D-PIMS Weekly Market Update - Week of 9th to 15th November 2020
Today’s Monday Update:
Over the course of last week, most headlines were related to the Coronavirus or Brexit:
• On Monday, Pfizer announced that its experimental COVID-19 vaccine is more than 90% effective, based on initial trial results. Pfizer and German partner BioNTech, also said they had found no serious safety concerns yet. Public health officials and investors welcomed the first successful interim data from a large-scale clinical test as a watershed moment, that could help turn the tide of the pandemic if the full trial results pan out. However, mass roll-outs, which needs regulatory approval, will not happen this year and several vaccines are seen as necessary to meet massive global needs.
Peter Horby, professor of emerging infectious diseases at the University of Oxford said, “This news made me smile from ear to ear. It is a relief to see such positive results on this vaccine and bodes well for COVID-19 vaccines in general. Top U.S. infectious diseases expert Dr Anthony Fauci told CNN, “There are still many questions, such as how effective the vaccine is by ethnicity or age and how long immunity may last, but the bottom line is, as a vaccine it’s more than 90% effective, which is extraordinary”.
• People in Britain will be able to decide whether they want to have the coronavirus vaccine or not, health minister Matt Hancock said on Tuesday, adding that children will not need to be vaccinated. “We’re not proposing to make this compulsory, not least because I think the vast majority people are going to want to have it,” Hancock told BBC TV on Tuesday.
• Almost two-thirds of people in Britain say they would get vaccinated for COVID-19, but young people are far more likely to refuse a jab than older people, according to an opinion poll published on Wednesday.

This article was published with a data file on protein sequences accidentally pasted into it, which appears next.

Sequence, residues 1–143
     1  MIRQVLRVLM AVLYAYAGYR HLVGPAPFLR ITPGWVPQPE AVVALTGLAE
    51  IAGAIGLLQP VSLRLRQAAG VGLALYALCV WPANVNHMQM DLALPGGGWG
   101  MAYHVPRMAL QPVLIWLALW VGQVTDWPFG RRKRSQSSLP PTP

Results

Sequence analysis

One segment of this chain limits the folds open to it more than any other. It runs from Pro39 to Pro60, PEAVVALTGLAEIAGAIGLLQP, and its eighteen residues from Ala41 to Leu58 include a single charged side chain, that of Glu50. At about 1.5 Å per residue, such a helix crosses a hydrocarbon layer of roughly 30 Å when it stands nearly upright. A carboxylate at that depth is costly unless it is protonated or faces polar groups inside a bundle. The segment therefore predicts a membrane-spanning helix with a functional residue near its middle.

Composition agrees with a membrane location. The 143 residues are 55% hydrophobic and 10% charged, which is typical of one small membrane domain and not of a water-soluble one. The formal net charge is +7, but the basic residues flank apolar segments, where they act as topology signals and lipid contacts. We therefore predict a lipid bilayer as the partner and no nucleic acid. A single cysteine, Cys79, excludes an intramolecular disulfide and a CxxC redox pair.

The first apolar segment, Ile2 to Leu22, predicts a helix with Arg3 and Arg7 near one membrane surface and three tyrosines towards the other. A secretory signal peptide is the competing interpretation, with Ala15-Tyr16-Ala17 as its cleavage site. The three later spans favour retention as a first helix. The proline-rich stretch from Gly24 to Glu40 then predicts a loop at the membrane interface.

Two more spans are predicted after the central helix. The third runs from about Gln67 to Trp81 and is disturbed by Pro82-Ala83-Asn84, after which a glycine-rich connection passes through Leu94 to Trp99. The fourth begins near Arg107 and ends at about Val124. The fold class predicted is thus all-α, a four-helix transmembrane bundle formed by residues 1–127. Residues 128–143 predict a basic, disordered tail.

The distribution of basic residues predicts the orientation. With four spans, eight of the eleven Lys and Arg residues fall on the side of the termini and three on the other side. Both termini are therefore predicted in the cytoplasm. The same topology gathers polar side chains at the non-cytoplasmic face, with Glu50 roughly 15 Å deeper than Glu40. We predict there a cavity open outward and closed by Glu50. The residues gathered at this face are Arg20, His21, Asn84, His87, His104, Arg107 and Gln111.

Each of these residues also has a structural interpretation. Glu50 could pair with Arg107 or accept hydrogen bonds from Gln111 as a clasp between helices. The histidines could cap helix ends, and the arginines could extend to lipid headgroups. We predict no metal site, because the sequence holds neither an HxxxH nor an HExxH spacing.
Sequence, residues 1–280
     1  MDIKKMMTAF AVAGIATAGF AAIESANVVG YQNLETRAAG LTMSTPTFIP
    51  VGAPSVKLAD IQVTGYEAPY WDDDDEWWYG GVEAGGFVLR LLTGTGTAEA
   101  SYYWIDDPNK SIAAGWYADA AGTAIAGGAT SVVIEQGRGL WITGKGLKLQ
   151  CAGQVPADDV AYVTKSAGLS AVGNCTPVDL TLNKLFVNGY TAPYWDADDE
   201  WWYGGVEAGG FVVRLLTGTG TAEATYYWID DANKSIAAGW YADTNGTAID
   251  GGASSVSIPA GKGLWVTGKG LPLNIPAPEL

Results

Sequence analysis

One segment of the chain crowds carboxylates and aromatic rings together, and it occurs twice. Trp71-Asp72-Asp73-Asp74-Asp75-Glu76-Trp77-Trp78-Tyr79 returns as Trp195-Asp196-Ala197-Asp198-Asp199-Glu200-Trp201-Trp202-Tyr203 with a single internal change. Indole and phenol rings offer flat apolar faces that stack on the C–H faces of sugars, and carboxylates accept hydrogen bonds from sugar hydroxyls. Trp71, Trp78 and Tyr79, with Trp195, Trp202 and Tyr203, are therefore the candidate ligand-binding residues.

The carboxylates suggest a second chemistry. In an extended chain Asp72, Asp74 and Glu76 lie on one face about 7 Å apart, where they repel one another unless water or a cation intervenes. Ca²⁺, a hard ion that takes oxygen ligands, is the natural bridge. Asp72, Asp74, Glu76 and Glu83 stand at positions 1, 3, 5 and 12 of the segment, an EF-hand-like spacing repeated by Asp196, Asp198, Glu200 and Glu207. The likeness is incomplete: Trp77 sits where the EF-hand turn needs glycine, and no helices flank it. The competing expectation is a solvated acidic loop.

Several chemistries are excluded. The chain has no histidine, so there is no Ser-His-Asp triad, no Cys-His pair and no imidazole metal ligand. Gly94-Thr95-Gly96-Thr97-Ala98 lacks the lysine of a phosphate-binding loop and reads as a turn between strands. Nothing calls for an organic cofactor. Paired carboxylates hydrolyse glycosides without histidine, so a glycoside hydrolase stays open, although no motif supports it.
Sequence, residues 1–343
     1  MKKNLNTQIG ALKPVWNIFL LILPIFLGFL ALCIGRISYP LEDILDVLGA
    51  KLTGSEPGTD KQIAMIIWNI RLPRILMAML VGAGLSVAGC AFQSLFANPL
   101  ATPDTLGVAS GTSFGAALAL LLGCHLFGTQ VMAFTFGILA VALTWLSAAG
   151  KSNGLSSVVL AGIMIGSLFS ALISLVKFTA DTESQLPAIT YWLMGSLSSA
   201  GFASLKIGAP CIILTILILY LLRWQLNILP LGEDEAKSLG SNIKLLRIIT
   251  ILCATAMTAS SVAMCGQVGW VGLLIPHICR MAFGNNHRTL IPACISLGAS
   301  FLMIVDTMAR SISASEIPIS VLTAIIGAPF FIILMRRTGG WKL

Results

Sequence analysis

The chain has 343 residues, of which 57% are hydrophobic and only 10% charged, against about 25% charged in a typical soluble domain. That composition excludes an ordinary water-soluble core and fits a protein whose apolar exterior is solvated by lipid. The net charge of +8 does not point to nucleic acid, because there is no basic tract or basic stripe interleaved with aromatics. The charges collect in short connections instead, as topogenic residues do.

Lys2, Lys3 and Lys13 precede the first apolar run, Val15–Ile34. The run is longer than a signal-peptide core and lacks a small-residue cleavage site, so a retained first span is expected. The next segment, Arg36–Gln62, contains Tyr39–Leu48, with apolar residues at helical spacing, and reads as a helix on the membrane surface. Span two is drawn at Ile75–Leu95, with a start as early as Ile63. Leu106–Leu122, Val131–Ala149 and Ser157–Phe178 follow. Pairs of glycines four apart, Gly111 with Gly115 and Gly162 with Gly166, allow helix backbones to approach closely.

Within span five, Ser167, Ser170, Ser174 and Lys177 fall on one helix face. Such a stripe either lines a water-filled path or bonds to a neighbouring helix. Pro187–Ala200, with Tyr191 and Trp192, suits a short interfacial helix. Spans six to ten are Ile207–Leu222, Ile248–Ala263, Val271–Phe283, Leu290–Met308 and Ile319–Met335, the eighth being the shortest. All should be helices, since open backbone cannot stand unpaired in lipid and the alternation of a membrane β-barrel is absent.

Britain and the European Union are likely to miss their mid-November deadline to clinch a post-Brexit trade, because talks in London to break a deadlock are expected to run through the end of the week, sources on both sides told Reuters on Wednesday. Ambassadors of the 27 EU member states in Brussels will not be updated on the talks at a regular meeting on Wednesday and the issue is now pencilled in for their meeting on 18th November, a senior diplomat of the bloc said.
Britain will be ready to immunise people against COVID-19 as fast as pharmaceutical companies can deliver supplies of a vaccine once it has been approved, deputy chief medical officer Jonathan Van-Tam said on Wednesday. “We will not use anything until the MHRA (drugs regulator) has made its adjudication on safety and effectiveness,” he said. “Do I think we will then move at pace to keep up with the volumes that are supplied to us? Yes I absolutely do.”
• Britain hopes for a Brexit trade deal in coming days, Housing Secretary Robert Jenrick said on Thursday. “We hope that in the days ahead, admittedly time is short, but in the days ahead both sides will be able to reach agreement and the EU will show some further flexibility in those respects if it can,” Jenrick told BBC radio.
• Britain’s transport minister said there would be no delays to the country receiving the COVID-19 vaccine from abroad even if the UK does not agree a trade deal with the European Union by the start of 2021. “Yes I can rule that out,” Transport Minister Grant Shapps said on Friday, when asked if the vaccine could be delayed due to customs checks or other difficulties, once the UK’s transition period with the EU ends on 1st January 2021.
British employers are advertising the most jobs since early March, though sectors such as hospitality and leisure remain hard-hit by the COVID pandemic, recruiters said on Friday. The Recruitment and Employment Confederation, a trade body, said 1.36 million jobs were being actively advertised in the first week of November, with the strongest recovery in construction, logistics and food processing.
The estimated reproduction “R” number of COVID-19 in Britain has fallen to 1.0-1.2 and might be below 1 in some parts of the country, the Government Office for Science said on Friday, a sign that the spread of the disease is slowing. That means that every 10 people infected with COVID-19 will, on average, pass it on to 10 to 12 more people. The estimated R number the previous week was 1.1-1.3.
• Over the week, the main Global Stockmarkets where mostly up, buoyed by the prospects for an effective Covid-19 vaccine. All the investment D-PIMS Portfolios were up over the week, especially the higher risk Portfolios. They were helped by their diversification.
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The comments made above represent our interpretation of events and market views and are in no way a guarantee of future investment performance.